Saturday, January 30, 2010

The ring's the thing: Part 4

This is the fourth part in a series on engagement rings.
Picture of the Rockefeller Sapphire from website.

Alright, so after all this mumbo-jumbo on engagement rings, what about mine? Well, I’m not engaged (yet). But the ring’s been purchased. (Side note: YIPPEE!)

I was leaning towards a colored stone for my e-ring, though I have no moral qualms against diamonds and would happily accept one. And being the somewhat anal person that I am, I did lots of research and decided that I would love a light blue sapphire or spinel. Sapphire was particularly high on the list. For one thing, it’s the hardest natural stone next to diamonds, so it would wear well in a 24/7 ring. Secondly, it’s my birthstone. But thirdly, its gemological meaning is awesome. From, “Through history, sapphire symbolizes truth, sincerity, and faithfulness in relationships, and to bring peace, joy and wisdom to the wearer and owner.” Who doesn’t want that in their engagement ring?

I actually had to do a little convincing of my boyfriend to do the sapphire rather than a diamond, because he was like, “Isn’t a diamond traditional?” I explained that the sapphire has a far longer e-ring history than diamonds. But basically, he just wanted to make me happy, so a sapphire it was.

Anyway, I had given my boyfriend a document with information about my ring size as well as my likes and dislikes. And pricing started at $14 and went up, with the original idea that he would then go off on his own and choose a ring that was in keeping with some of my wishes. Well, it didn’t turn out that way.

My boyfriend’s not a shopper. And I am. And I’m rather picky (ahem). So once I pretty much figured out what I wanted we went to the jewelry store, told the sales associate how we wanted it customized, gave him the sapphire (a story for another day), and then I browsed the store while my boyfriend did the financial stuff. And I know I’m going to get a ring that I LOVE, my boyfriend’s happy because he’s giving me a ring that I will love, and he didn’t have to get annoyed with his perceived hassles of shopping. Win-win!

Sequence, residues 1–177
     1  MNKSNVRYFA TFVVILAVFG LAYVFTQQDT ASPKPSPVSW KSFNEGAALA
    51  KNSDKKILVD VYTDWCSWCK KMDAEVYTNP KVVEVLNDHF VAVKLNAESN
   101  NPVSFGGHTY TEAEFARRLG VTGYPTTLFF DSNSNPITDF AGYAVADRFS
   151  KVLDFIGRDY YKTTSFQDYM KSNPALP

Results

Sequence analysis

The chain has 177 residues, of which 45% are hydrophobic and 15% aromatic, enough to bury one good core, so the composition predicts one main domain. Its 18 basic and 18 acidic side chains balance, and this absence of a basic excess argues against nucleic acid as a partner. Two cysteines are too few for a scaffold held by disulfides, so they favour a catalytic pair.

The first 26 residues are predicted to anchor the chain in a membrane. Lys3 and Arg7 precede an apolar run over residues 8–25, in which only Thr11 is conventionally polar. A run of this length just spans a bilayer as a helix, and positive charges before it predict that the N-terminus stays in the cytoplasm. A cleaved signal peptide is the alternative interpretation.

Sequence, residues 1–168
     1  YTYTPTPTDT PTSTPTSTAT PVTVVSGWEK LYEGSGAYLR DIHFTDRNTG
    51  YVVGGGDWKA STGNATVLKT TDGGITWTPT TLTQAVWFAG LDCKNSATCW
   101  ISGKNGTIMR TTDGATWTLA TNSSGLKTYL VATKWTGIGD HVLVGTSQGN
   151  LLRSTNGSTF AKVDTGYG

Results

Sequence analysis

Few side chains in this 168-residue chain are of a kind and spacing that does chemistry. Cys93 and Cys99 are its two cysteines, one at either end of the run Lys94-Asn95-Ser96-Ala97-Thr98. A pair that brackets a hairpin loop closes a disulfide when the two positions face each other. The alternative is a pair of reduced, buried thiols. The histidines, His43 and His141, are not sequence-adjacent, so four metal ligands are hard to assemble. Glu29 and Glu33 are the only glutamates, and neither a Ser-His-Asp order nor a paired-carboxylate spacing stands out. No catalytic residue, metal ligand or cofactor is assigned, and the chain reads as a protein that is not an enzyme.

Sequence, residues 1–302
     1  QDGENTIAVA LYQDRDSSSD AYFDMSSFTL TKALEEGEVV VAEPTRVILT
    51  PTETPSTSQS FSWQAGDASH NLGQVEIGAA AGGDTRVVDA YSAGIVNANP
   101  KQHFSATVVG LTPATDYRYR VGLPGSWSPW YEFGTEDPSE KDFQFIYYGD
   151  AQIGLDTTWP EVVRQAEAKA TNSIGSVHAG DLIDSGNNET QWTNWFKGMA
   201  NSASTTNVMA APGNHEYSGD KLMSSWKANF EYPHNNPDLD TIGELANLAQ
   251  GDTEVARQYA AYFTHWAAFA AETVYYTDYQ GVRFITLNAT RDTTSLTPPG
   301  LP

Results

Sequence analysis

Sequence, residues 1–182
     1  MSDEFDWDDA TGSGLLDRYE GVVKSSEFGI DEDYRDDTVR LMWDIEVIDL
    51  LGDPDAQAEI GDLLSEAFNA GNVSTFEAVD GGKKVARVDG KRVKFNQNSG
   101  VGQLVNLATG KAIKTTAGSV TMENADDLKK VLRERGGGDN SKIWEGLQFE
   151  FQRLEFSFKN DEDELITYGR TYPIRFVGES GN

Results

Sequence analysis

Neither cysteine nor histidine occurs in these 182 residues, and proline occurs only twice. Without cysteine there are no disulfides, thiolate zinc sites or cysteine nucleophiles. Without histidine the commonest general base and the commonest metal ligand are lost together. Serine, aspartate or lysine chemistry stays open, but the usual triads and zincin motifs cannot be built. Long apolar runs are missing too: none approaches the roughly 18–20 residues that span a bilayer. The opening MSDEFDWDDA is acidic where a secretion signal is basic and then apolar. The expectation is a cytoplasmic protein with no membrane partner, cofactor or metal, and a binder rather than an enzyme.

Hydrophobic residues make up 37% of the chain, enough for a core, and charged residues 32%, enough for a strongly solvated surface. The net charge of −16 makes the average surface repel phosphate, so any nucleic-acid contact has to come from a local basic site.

I was planning on this being the last post on engagement rings, but it will just be the last until somebody asks me a certain question. Then you’ll see what we’ve created.

Sunday, January 24, 2010

The ring's the thing: Part 3

This is the third part in a series on engagement rings.

This post discuses the engagement ring, and what it actually means.

There are the traditionalists who say that an engagement ring represents a man’s commitment to his future bride. He wants her to be his life partner and is willing to outlay a significant sum of money to show that. In this paradigm the large amount spent on the ring also signifies the type of life he can provide for her.

Then there are those who view the ring as a symbol of his commitment, but don’t believe in the financial implications of it. A $10 sterling silver band or a ring pop, with the appropriate question and intent behind it, serves as the sign of the man’s commitment and desire to marry the woman.

At the opposite end of the spectrum you have the anti-ring people. They may believe that it is some form of bride price with which the man is “purchasing” himself a bride. Or that it’s a sign of brainwashing by the commercial world and that any nod to tradition reflects a mindless follower. (I am not including those who are against the mining of gold or precious gems because of the treatment of many of the workers as these people are against the procurement practices, not against the ring itself.)

Lastly, you have the people who don’t think it has any particular significance, but like having a beautiful piece of jewelry and feel that the engagement is an excellent occasion to get one. These are probably the same people who will upgrade their rings as time goes on, either to get more expensive pieces of jewelry, or just to keep up with fashion trends.

Myself, I fall somewhere in the middle of camp two, with a little bit of either camp one or four mixed in. To me, when a guy asks you to marry him, anything that accompanies that is wonderful. When I gave my boyfriend a list of rings & styles I was interested in, I included a $14 ring from to make sure that all budgets were included. At the same time though, I told him that if I was getting a ring that was less than $50 that I would consider it a placeholder (for however long it would need be) until I got a more expensive ring. I don’t know why I feel as though a $14 ring would not suffice for life for me. After all, I totally believe the sentiment in giving the ring is what counts. I’m not sure if it’s the fact that I like the idea of a certain amount of financial sacrifice involved, or if it’s just that I like jewelry and want something pretty on my hand given to me by the man I love.